The Energy, Resources and Environment Program (ERE) has become one of the largest programs at SAIS. We are delighted with its progress and continuing popularity. Its growth is a reflection of the continuing hard work of its faculty, students, and staff as well as a number of key supporters. We are grateful for the generosity of the organizations and individuals who have helped to build our program. For a more complete overview of ERE, and to find out how to support the program, please check out our Prospectus

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Curriculum

 

Energy, Resources and Environment | M.A. Requirements

Energy, Resources and Environment Program Learning Goals and Objectives

Entering Class 2013-2014
 
Students must take the equivalent of 16 non-language courses (64 credits) in order to graduate. Those students who are approved for dual degree or advanced standing may only need to take 12 or 14 courses as approved by Academic Affairs.

 

ENERGY, RESOURCES AND ENVIRONMENT (ERE)

Students concentrating in Energy, Resources and Environment (ERE) must take at least 4 courses within this program. At minimum, one must be designated as an “Energy” course and one must be designated as an “Environment” course (refer to the ERE Matrix). Only one of the four required ERE courses may be cross-listed starting with a prefix other than SA.680.XXX. All students must pass the non-credit Online Basics of Energy course within the first three weeks of their entering term.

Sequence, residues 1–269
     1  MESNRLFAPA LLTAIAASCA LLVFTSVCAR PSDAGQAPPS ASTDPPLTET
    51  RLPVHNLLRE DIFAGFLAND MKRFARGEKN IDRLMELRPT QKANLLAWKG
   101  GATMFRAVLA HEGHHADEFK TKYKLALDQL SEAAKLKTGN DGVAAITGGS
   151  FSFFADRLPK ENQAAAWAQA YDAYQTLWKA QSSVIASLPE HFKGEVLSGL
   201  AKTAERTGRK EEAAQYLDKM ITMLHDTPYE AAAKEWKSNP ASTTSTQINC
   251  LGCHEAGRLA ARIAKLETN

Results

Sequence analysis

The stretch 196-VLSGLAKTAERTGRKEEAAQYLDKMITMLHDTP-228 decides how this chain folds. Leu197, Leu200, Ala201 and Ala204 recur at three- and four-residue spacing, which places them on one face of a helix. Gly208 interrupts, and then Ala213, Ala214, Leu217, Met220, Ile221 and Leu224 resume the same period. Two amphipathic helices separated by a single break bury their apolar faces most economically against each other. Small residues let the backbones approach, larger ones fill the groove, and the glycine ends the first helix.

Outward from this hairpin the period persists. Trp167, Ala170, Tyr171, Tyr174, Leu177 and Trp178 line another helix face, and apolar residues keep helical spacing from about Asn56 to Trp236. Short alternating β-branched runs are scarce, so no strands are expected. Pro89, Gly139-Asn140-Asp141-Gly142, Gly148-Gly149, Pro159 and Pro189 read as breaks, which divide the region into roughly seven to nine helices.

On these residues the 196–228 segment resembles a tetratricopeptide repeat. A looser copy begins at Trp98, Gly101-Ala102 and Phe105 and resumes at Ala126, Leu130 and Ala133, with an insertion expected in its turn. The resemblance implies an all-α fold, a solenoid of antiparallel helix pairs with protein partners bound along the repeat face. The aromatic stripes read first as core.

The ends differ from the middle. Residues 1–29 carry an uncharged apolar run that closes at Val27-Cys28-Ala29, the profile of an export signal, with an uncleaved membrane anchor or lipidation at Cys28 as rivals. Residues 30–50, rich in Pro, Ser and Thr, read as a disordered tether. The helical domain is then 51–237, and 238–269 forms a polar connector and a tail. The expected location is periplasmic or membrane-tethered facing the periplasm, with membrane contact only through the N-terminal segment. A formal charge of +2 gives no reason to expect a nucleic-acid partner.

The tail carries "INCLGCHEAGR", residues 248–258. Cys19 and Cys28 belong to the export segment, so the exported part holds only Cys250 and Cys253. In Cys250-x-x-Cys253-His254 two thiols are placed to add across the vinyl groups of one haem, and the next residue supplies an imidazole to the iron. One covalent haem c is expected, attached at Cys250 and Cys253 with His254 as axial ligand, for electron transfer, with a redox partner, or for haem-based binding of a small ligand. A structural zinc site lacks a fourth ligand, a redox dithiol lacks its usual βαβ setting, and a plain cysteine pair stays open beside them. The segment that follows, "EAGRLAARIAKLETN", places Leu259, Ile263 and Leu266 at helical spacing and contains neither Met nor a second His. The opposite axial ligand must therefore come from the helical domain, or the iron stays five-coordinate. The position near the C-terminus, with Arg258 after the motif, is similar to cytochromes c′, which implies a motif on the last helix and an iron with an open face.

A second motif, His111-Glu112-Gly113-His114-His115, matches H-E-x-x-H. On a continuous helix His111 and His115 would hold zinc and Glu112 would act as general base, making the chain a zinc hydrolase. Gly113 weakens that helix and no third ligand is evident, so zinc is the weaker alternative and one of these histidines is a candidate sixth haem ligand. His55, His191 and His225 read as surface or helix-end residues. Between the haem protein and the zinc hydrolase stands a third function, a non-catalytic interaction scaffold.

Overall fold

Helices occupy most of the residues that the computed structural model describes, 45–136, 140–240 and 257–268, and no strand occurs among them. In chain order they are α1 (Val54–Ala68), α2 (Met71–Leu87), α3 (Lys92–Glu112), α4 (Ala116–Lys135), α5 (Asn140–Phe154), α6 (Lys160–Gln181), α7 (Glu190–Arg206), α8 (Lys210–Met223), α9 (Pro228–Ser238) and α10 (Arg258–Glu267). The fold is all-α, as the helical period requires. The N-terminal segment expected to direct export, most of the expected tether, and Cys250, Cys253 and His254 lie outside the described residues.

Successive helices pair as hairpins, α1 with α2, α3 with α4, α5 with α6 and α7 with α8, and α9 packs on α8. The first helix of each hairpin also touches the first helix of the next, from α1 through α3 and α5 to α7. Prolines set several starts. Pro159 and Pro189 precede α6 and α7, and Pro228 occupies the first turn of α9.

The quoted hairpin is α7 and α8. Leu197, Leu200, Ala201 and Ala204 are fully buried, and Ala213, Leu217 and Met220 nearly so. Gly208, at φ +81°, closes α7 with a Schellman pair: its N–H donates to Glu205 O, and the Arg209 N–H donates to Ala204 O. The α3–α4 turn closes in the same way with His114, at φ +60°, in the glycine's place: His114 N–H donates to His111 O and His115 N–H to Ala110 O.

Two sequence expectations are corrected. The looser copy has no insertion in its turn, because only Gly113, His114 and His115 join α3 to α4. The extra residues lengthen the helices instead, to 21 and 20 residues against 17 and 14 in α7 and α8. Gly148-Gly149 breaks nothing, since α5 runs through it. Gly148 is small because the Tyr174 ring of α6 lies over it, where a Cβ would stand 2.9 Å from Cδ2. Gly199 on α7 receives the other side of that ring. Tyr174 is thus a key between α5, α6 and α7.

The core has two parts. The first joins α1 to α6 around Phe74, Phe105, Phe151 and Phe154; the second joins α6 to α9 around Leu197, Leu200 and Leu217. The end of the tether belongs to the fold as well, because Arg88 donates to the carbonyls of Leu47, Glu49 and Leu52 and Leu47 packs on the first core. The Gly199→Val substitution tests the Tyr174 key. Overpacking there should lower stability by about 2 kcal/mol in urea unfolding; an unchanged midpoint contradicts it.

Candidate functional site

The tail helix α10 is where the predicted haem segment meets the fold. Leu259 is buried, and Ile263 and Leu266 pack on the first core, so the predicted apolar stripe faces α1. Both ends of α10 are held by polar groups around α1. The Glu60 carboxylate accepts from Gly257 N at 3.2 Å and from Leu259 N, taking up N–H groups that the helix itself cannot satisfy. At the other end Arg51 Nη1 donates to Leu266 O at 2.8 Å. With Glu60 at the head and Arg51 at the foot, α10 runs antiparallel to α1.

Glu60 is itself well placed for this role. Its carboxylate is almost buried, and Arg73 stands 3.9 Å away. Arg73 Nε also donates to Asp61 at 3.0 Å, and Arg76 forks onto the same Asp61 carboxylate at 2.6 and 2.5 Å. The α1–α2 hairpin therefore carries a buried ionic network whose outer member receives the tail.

INTERNATIONAL RELATIONS (IR)

Students must also fulfill the general requirements for International Relations (IR) which includes 2 additional courses within IR from two IR areas other than ERE. These areas include:
·         Conflict Management
·         Global Theory and History
·         International Law and Organizations
·         Strategic Studies
 
IR students studying at SAIS Europe must take at least three IR courses in Washington with the exception of dual-degree or advanced-standing students, who must take at least two IR courses in Washington.

 

INTERNATIONAL ECONOMICS

Students must complete 4 courses within this program.
·         Microeconomics
·         Macroeconomics (prerequisite or concurrent Microeconomics)